The Blog recently reported on the brilliant work of twin high school students involved with the Brookhaven Institute in creating catalysts with a molybdenum-soy base (MoSoy) that could lead to inexpensive energy storage.
Now we learn of efforts at Washington State University at Pullman in eastern Washington state to develop batteries with greater energy and prevent battery fires using the humble soy bean as a base material.
Grant Norton, professor in the School of Mechanical and Materials Engineering, is proud of his new lab, designed to build and test lithium battery materials in commercial sizes. “The new laboratory allows us to scale up our research to work that is commercially relevant.’’
Norton works on tin-based electrodes, among other things, while a group of researchers led by Dr. Katie Zhong, a professor in the school, shares the lab’s equipment. She and her graduate students are investigating solid lithium battery electrolytes such as a bio-based solid electrolyte made from environmentally friendly soy protein and a gum-like electrolyte with thermal protection capabilities.
Well-recognized for her work in linking biologically-based substances with high-tech materials, Zhong earned Westinghouse Distinguished Professor, 2012 and The Dow Chemical Composites Educator of the Year 2011 honors from the Society of Professional Engineers.
Such recognition helped Tracy (Jianying) Ji’s advisor in China to counsel her to join Zhong at WSU in 2009. A Ph.D. student, Ji has been recognized as the Boeing and Flightglobal Engineering Student of the Year (ESOYA). It is the first time that a WSU student has received the prestigious award. It’s been a productive time for the young student, with eight published papers and on patent applications to her credit.
Zhong and Li are working on the “environmentally friendly” soy electrolyte, partly to eliminate problems caused by the more common liquid acid solutions found in lithium batteries, which can leak and create hazards. “In some portable electronics, the batteries can reach temperature as hot as 200 degree Celsius — hot enough to cook eggs,” says Zhong. “That’s a big safety concern.”
WSU explains, “Electrolytes are the part of the battery that allows for the movement of lithium ions between the anode and the cathode to create electricity. Usually, electrolytes are liquid acid solutions, which can leak and create a fire or chemical burn hazard. Zhong’s electrolytes are solid and lighter weight. They would make next-generation lithium batteries lighter, safer and more environmentally friendly than batteries using today’s technology.”
The Economist’s “Babbage” column explains Zhong’s interest. Recent grounding of the entire Boeing 787 fleet because of battery fires caused her to reflect on the idea that, “A more comforting idea… would be to build a lithium-ion battery that could not burst into flames in the first place.”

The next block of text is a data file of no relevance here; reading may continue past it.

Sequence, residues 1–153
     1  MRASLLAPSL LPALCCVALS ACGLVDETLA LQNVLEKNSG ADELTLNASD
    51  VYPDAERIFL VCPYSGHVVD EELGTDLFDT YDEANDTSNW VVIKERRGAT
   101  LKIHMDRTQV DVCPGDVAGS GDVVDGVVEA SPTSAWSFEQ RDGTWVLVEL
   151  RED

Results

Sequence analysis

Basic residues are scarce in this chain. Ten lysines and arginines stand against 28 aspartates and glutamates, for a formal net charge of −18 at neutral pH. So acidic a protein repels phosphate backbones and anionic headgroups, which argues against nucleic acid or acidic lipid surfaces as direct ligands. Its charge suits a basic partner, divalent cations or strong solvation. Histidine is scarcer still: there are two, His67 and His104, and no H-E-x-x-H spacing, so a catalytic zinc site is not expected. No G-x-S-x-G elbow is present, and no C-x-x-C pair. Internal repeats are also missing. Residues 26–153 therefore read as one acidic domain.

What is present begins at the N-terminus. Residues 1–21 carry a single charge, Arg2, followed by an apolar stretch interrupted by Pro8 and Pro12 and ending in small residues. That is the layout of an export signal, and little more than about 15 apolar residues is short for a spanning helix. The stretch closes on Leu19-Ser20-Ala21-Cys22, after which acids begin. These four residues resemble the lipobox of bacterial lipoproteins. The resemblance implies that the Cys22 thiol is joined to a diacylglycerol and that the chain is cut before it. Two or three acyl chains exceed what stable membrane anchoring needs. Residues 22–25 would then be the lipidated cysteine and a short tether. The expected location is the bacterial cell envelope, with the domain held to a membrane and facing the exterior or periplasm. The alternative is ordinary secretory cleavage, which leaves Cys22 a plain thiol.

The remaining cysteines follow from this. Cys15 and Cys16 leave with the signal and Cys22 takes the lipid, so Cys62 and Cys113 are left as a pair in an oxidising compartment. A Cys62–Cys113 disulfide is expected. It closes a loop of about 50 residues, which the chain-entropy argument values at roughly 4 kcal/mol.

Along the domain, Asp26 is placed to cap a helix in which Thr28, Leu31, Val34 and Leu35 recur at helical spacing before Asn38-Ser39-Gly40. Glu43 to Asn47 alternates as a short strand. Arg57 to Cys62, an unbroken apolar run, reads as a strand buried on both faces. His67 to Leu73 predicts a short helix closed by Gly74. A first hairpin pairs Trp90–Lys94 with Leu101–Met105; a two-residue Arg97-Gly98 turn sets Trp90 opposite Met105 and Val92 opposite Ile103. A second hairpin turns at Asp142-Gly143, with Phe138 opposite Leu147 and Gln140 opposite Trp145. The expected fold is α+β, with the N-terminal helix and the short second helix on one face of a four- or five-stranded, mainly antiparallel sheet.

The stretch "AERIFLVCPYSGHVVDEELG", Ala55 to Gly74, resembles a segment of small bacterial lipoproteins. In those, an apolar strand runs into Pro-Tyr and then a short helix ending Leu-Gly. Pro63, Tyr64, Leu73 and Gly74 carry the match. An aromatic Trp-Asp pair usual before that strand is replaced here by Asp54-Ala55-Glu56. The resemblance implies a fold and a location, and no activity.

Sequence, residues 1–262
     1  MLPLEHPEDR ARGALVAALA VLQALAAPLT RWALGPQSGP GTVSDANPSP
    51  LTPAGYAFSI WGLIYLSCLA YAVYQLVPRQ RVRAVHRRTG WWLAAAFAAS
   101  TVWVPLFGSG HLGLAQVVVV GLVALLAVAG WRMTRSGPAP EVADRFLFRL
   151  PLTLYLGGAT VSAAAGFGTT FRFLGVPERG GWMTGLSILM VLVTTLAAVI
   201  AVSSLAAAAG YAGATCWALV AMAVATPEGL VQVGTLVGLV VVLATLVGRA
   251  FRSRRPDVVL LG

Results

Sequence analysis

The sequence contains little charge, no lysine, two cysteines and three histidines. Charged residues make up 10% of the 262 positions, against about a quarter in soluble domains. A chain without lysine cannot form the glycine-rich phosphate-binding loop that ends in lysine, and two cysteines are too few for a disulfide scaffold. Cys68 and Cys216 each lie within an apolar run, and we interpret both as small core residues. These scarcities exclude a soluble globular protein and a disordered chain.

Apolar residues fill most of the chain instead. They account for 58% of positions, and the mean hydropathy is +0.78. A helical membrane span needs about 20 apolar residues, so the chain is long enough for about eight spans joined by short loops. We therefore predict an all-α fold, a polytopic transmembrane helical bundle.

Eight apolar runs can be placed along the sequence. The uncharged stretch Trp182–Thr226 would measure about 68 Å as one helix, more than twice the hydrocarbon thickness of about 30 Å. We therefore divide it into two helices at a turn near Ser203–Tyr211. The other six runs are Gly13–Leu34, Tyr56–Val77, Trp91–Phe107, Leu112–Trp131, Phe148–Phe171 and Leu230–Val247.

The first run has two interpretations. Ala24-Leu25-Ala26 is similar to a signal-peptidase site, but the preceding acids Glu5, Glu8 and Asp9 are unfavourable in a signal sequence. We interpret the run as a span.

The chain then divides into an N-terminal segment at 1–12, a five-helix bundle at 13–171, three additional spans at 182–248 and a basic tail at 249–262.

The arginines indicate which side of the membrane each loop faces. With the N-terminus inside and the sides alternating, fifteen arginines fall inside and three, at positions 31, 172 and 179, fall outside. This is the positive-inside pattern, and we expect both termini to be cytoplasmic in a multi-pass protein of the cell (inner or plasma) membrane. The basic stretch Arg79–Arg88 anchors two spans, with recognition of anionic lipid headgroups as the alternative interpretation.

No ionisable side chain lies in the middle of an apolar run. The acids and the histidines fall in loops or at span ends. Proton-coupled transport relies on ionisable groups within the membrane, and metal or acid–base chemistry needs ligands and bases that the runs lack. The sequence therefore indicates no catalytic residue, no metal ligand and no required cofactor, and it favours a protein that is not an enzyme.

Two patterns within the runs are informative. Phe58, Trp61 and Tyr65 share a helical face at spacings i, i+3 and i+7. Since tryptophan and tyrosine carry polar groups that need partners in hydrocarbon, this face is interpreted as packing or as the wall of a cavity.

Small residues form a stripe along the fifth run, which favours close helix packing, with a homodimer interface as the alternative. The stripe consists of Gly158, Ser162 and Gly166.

She was alerted to such issues in 2006 when a single 787 battery ignited while being tested and started a fire that destroyed a 10,000-square-foot building in Arizona.
The Economist reports, “In the wake of such incidents Dr Zhong realized that her biomaterial electrolyte might also be suitable for use in aircraft. The soy-based electrolyte is reassuringly inert, thermally stable and not prone to explosion. As a solid, it resists the kind of physical damage that can cause short circuits. It is also lighter than an equivalent liquid electrolyte, and does not require the same heavy protection against corrosive leaks (or explosions).”
“For the last few years,” according to the magazine, “she has been working on battery technology for flexible and bendable electronic gadgets. By blending a polymer called polyethylene oxide (PEO) with natural soy protein, she had made a solid electrolyte for lithium ion batteries that could be bent or stretched to twice its normal size without affecting its performance.”
Despite the promise of solid, organic electrolytes, ions have a harder time fighting their way through solids than passing through liquids, reducing the power they can deliver. Solid electrolytes have a harder time making good electrical contact with the battery’s electrodes.
Dr. Zhong bio-electrolyte works around these issues with clever chemical engineering. The soy protein goes through a chemical denaturing process to “disrupt its folded structure and make it attractive to the lithium ions.” Once this bonding takes place, the denatured soy and PEO are blended “to form an amorphous structure with uneven distribution of electrons, which facilitates the movement of ions. The tacky biomaterial also adheres easily to the electrodes.”
Now receiving funding from Washington State’s Joint Center for Aerospace Technology Innovation, she is creating an electrolyte with “the performance of a liquid and the safety of a solid.”
This would be great news for Boeing’s electric airline program and to developers everywhere.